Columbia students pilot aerospace simulation

Wednesday, February 11, 2009 | 4:39 p.m. CST; updated 9:11 p.m. CST, Wednesday, February 11, 2009
Nadia Vizitei points to a problem area on-board of the CASA space simulation at Hickman High School. CASA is a student-run mission where students learn how to handle computer programming and mock emergencies. Vizitei says that the battery has turned off, but the cause is still unknown.

COLUMBIA — To the outsider's eye, it may just be pretend, but to Columbia students, the 2109 CASA space simulation is quite real.

"It's a very realistic program," John Prost, the lead pilot and a Hickman senior, said. "If we come down too hard, our landing gear will snap."

To watch

To watch the mission live, watch Channel 16, Columbia Public Schools' information channel, or go to CASA's Web site through Saturday.

For an online discussion of Columbia's public schools, go to

CASA, the Columbia Aeronautic and Space Association, is running its 21st annual aerospace simulation, a week-long simulation of the International Space Station. Ninety-two students from Columbia middle, junior high and high schools are spending this week working together at Hickman High School.

Even though the shuttle is just a simulation, they take it seriously.

This week at Hickman, they work eight hours a day and break only for lunch. The lunch break, said Helen Lin, a Hickman senior, is their one chance to "pause and come into real life." At all other times, everyone is focused on the mission.

The CASA crew includes astronauts, mission controllers, a public affairs crew, a production crew and, yes, ninjas. While NASA doesn't have ninjas, CASA does. The ninjas create simulated on-board emergencies, which they call "SOBEs." They might cut power supplies, cause problems with the thermal control system or even create emergencies with astronauts.

"(The ninjas) will pull out people and say, 'Hey, you're injured,'" said Lin, a public affairs officer.

After the astronaut goes to the makeup area and receives his or her "injury," he or she goes back to the shuttle, where the crew has to handle the medical emergency. Stocked with medical supplies and even equipment for checking vital signs, the space station and students are prepared to handle such emergencies.

Meanwhile, mission control monitors Space Station Freedom, the public affairs team records the live Mediacom broadcast and the production crew monitors the cameras, computers and systems required to run the simulation.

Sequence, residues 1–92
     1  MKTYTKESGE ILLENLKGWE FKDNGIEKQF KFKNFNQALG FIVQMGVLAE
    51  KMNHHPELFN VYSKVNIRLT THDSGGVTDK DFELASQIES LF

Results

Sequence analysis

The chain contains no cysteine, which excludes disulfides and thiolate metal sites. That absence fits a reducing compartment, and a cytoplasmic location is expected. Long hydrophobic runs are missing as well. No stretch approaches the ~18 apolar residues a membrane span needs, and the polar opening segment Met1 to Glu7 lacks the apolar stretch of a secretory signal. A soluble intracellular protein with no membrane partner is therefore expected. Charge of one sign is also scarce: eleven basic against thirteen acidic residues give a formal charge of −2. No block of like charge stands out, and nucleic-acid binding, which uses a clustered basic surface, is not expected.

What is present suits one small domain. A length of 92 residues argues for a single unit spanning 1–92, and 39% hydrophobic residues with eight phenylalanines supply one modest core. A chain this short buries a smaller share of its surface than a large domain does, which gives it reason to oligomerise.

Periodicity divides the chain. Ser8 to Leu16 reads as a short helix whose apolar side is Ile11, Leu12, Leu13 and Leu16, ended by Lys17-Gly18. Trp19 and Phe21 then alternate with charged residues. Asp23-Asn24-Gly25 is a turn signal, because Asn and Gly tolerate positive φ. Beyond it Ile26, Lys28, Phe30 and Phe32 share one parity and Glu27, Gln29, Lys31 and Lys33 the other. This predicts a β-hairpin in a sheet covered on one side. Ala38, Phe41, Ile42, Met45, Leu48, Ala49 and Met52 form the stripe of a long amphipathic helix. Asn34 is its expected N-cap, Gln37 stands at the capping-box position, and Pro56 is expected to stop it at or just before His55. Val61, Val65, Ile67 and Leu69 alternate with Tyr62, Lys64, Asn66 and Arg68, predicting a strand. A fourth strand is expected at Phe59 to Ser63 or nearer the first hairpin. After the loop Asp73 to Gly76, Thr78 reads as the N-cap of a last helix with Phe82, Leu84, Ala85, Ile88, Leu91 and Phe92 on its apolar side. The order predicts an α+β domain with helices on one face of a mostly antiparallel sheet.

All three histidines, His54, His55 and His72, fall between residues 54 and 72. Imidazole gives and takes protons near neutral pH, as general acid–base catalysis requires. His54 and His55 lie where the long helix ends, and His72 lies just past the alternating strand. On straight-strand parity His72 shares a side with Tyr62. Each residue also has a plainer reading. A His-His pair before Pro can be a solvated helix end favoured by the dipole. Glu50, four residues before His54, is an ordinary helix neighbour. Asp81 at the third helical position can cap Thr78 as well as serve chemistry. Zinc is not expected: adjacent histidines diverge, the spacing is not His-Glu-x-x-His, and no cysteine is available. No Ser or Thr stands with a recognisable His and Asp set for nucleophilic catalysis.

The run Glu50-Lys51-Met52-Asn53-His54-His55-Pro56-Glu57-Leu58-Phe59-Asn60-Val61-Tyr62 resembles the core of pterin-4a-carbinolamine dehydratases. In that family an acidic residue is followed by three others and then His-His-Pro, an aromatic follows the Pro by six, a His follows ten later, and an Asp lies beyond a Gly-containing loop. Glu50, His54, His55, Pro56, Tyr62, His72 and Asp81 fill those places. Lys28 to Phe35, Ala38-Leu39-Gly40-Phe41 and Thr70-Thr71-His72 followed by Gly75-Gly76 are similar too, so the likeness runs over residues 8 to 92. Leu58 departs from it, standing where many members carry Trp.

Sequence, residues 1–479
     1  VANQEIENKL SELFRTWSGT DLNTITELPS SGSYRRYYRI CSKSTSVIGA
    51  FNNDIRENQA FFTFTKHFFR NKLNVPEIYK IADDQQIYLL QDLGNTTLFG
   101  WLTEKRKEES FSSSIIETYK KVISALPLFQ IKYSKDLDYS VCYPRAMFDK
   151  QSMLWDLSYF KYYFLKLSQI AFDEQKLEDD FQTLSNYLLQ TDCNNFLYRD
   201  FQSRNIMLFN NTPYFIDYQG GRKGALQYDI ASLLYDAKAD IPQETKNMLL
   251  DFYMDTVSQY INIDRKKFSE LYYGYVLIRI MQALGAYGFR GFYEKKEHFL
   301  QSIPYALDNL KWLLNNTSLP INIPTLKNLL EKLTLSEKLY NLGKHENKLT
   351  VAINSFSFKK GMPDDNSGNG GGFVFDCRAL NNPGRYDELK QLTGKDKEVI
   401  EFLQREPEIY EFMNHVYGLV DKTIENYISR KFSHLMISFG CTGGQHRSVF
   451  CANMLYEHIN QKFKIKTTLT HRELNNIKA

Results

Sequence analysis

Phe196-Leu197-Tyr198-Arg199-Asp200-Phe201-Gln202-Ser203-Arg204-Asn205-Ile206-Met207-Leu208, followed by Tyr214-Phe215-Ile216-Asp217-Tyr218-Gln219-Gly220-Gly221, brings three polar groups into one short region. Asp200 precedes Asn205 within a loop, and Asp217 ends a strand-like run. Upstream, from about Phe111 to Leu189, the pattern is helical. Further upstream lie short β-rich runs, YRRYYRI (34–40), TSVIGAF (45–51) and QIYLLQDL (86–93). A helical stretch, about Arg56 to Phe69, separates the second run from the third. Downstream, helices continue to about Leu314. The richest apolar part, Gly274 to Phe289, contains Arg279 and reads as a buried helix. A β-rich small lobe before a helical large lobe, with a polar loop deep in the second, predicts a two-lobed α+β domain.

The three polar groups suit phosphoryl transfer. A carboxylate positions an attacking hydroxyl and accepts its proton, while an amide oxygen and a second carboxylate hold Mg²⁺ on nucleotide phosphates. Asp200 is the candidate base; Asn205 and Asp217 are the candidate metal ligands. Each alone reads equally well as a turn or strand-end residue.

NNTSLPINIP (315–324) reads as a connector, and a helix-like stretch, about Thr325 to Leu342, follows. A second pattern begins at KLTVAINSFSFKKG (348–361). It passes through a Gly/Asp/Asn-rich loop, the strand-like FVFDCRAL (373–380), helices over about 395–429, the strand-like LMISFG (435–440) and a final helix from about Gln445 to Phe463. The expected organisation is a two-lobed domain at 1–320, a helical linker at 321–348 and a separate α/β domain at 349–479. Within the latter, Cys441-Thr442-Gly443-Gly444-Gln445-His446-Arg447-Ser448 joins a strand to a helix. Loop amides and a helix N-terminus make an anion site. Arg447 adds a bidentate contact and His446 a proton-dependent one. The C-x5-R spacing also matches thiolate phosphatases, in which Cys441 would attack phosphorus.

Chris Novosel, a Hickman senior, has the honored position of "wizard." He monitors all of the systems in production. This is Novosel's sixth year working on a CASA simulation. Over the past three years, he has helped the production crew move to an Internet-based system, all of which is coded in HTML.

"I really like the problem solving," Novosel said. "It's really exciting to get problems you have to solve up there."

After graduating in May, Novosel wants to study mechanical or aerospace engineering and work for NASA. He wouldn't be the first CASA student to do this.

Fred Thompson, head facilitator of the CASA mission, said some alumni of the program now work for NASA.

The simulation, he said, is not just about science or computer programming. Students are encouraged to bring their individual skills and interests to the mission. One of the brick walls is student-painted with a Marvin the Martian scene, a music experiment is being conducted on board the shuttle and some students apply their foreign language skills to the mission.

"It's an opportunity to let kids explore their interests hands-on," said Thompson, who teaches at Hickman.

He said many students involved in the program are National Merit scholars, while others are just trying to get through school.

"CASA keeps some kids interested in school," Thompson said.

When the mission ends Saturday, the CASA group will continue exploring aeronautics and space and will begin brainstorming for next year's mission. Thompson said the program, in its 21st year, is "continuously evolving."

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